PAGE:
The Commander of the UK’s amphibious task forces has handed over the baton after two years at the helm.
It is the second time in a month Commodore James Parkin has handed over control of a front-line command after leaving the International Maritime Security Construct earlier this month.
Commodore Parkin handed over the littoral baton to successor Commodore Rob Pedre at Stonehouse Barracks in Plymouth, with a lowering and raising of their broad pennants signalling the transfer of command.
Cdre Parkin’s time in charge included leading four operational deployments overseas, as well as numerous exercises involving “too many nations to list” and a name change – the Littoral Strike Group was formerly known as the Amphibious Task Group, until last year.
The task group’s work in the Baltic in summer 2019 was the high point of its efforts.
At the peak of Operation Baltic Protector, 44 ships, including 16 British, and 3,850 personnel from nine partner nations, were directed by its staff.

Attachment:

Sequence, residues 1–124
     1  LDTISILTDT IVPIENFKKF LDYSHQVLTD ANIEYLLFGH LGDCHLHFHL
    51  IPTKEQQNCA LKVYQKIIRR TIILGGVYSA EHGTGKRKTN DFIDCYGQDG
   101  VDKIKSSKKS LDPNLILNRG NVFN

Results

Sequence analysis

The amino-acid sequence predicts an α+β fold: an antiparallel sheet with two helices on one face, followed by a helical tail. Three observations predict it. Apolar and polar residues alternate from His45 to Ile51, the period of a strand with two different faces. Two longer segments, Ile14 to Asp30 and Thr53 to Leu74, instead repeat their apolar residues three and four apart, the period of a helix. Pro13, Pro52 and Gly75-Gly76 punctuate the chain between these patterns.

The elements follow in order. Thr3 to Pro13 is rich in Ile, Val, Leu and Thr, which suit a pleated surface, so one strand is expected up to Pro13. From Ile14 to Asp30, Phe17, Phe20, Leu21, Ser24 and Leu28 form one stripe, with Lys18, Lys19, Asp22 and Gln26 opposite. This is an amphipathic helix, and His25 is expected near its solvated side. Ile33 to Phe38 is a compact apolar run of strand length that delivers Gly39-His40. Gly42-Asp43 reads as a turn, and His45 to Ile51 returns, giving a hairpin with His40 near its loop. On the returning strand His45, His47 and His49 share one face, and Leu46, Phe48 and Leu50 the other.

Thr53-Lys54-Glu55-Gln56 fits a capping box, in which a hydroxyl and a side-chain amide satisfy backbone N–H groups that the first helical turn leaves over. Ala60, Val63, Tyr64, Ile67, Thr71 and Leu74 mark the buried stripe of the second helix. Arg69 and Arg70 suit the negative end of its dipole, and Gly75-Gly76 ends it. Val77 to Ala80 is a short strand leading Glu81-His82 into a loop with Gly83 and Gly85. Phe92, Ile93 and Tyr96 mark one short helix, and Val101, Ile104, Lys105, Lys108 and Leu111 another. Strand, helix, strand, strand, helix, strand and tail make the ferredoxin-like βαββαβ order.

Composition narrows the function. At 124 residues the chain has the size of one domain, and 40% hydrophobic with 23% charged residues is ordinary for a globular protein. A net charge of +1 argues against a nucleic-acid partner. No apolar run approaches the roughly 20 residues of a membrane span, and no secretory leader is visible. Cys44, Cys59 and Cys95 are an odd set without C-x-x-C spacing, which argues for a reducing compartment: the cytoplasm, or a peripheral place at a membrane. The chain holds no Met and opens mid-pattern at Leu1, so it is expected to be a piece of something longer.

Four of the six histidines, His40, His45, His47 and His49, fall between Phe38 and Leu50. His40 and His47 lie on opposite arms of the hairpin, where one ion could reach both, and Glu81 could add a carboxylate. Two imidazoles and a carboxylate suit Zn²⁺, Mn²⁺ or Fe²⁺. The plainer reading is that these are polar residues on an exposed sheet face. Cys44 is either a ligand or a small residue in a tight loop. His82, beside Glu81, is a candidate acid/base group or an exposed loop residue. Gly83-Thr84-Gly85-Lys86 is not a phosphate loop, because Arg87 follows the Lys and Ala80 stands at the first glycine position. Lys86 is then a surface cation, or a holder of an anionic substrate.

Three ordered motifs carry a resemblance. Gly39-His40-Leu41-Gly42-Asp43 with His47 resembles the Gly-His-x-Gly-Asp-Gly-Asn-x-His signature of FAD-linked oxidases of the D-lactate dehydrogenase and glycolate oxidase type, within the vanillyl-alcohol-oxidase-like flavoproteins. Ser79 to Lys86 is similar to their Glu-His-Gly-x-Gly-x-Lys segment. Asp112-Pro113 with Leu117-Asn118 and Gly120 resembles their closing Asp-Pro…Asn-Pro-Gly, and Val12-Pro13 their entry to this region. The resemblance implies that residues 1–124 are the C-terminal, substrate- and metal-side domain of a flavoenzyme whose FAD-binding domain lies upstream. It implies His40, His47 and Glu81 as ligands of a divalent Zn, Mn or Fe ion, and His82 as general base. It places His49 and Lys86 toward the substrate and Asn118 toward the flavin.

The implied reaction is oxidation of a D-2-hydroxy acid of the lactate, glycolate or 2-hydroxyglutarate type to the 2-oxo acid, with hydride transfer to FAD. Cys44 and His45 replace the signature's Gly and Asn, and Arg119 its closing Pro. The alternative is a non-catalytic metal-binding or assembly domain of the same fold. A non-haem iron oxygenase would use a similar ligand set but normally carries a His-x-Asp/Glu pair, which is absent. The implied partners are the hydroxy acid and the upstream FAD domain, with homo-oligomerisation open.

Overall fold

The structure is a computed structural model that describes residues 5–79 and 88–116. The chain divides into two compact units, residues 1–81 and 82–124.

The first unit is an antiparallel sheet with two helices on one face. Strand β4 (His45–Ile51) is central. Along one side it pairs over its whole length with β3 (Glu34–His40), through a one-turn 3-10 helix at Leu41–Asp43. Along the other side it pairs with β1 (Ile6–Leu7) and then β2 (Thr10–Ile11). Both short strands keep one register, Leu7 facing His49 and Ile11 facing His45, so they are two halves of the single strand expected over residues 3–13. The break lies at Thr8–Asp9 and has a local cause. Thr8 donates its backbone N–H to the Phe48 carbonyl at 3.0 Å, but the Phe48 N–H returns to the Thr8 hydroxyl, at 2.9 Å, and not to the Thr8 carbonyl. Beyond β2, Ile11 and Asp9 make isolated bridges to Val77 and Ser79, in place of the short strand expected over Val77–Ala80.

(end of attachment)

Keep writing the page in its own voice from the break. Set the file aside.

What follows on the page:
It was the largest British deployment into the Baltic since 1919.
Cdre Parkin said: “When I assumed command, we knew about all the exercises in which we would be participating, but only one of the four operational deployments in which my team and I have taken part had been thought about.
“I pay tribute to my team from every one of the British Armed Forces, and our sister civilian services, and to those many nations who entrusted me with their men, women, ships, and aircraft, all of whom have worked so extremely hard to make our shared endeavour so successful.”
Previously the final Commanding Officer of helicopter carrier HMS Ocean, Cdre Pedre said: “It is a huge honour to take command of the Littoral Strike Group – especially to do so the day after the anniversary of the San Carlos amphibious landings in 1982.”
“I know that the men and women under my command are of the highest quality, and I look forward to working with them as we advance our littoral strike capability.”
Cover image: Commodore James Parkin (centre) hands over command of Littoral Strike Group to Commodore Rob Pedre (right) in Plymouth (Picture: Royal Navy).